Frank Stronach’s 420-acre Golf & Country Club abruptly closed its doors Wed. with no explanation. The implication is that the closure is permanent. This land was purchased by Stronach in addition to his huge Sleepy Creek Ranch.
The issue was the center of much controversy because the St Johns River Water Management District played a shell game with their science, first saying that the water withdrawal permit would damage the Silver River and springs, and then abruptly doing a one-eighty, claiming they found a new and better model which showed that, after all, the water permit was fine.
Their games outraged environmentalists who were insulted not only by the excessive permits designed to serve one private business, but also the shenanigans put out by the water management district, already beset by long-term ethics issues with Board Chairman John Miklos.
This action, followed shortly afterwards by the shameful, shoddy and biased so-called “science” of the SWFWMD at Brooksville when setting MFLs for the Rainbow and Crystal rivers, greatly increased the already wide breach of trust and respect between the public and these two water districts, obviously mere puppets for our governor.
The article was carried in the Gainesville Sun and the Ocala Star Banner.
Comments by OSFR historian Jim Tatum.
-A river is like a life: once taken, it cannot be brought back-
Abrupt closure for Adena Golf & County Club
By Carlos E. Medina
“We regret that the club officially closed its doors and is no longer open for business as of Wednesday,” the message stated.
The sprawling 420-acre facility at 950 NW 75th St. opened in 2015 to much fanfare as the latest local project by Canadian auto parts magnate Frank Stronach.
Stronach, a billionaire who made much of his fortune as the founder of what would become Magna International, the largest auto parts manufacturer in North America, also operates Adena Springs South, a thoroughbred farm in northwest Marion County, and the enormous Sleepy Creek Ranch cattle operation near Fort McCoy.
The future plan for the country club property was not clear. A call to Stronach’s thoroughbred farm on Wednesday inquiring about the country club got a “No comment,” from Heather Martin. Also on Wednesday, Laura O’Malley at The Stronach Group’s headquarters in Aurora, Ontario, said she could not speak to the status of the club.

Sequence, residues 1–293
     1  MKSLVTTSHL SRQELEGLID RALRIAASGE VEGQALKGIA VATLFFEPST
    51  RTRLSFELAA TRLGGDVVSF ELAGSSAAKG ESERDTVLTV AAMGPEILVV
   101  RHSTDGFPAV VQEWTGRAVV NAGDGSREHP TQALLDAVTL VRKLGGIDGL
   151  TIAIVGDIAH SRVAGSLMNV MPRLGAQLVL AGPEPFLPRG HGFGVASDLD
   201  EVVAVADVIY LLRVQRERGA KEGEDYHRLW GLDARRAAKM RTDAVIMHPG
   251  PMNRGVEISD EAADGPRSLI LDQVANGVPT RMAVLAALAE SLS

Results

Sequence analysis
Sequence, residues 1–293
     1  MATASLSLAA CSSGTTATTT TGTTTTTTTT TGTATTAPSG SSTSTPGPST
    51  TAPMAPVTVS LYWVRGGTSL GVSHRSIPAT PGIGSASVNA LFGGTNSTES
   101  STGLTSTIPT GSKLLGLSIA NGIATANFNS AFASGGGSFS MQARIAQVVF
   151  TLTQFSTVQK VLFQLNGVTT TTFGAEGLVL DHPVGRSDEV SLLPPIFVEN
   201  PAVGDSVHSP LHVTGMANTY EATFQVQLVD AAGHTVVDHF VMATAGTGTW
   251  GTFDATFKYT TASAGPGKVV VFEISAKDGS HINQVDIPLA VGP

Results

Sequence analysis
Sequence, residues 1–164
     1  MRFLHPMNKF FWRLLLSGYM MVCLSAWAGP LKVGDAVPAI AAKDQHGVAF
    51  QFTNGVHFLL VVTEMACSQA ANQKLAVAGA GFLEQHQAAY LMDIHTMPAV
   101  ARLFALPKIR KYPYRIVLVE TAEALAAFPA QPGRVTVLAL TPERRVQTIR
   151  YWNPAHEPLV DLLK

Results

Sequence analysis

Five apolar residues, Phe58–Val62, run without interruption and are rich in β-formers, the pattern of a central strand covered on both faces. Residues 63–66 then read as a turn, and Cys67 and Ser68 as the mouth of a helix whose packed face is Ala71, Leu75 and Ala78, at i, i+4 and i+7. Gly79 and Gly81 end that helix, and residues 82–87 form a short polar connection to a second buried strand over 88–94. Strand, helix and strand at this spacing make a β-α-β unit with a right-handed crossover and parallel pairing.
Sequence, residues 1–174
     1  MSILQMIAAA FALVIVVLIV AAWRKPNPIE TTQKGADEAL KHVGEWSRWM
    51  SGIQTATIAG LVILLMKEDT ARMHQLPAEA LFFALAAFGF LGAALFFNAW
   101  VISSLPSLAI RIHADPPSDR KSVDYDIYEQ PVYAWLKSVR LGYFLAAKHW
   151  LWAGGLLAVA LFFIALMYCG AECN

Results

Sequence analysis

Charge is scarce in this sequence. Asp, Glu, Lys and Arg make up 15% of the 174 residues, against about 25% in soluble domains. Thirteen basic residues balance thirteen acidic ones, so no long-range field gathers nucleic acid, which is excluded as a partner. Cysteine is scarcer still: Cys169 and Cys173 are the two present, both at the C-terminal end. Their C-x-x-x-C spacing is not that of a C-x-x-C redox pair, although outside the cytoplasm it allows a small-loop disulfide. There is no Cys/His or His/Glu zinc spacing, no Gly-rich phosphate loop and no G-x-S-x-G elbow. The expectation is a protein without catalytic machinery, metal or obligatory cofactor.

A sign outside one of the gates on Wednesday simply stated “Club is closed.” The club’s website and Facebook page were down. Members were sent a message informing them of the closure.
“It is with immense regret and sadness that we announce the closure of Adena Golf & Country Club, a place that we have all worked hard to make the finest private club in all of Florida,” according to a copy of the message.
The statement continued: “However, despite our best intentions, we can no longer bring you the first class membership experience that you have come to enjoy at Adena.”
Stronach bought more than 1,200 acres from the Stavola family in 2008 at a price of more than $17 million. The 420-acre portion used for the golf course included several lime rock pits which had been mined for the material used in road construction. The course, which cost at least $50 million to build, used the abandoned pits in the design. The plan was to build 120 homes along the course.
The course impressed members of the golf industry, who soon stamped it as one of the best in Florida.
It was not clear how many employees the club had at the time of its closing.
Contact Carlos E. Medina at 867-4157 or firstname.lastname@example.org.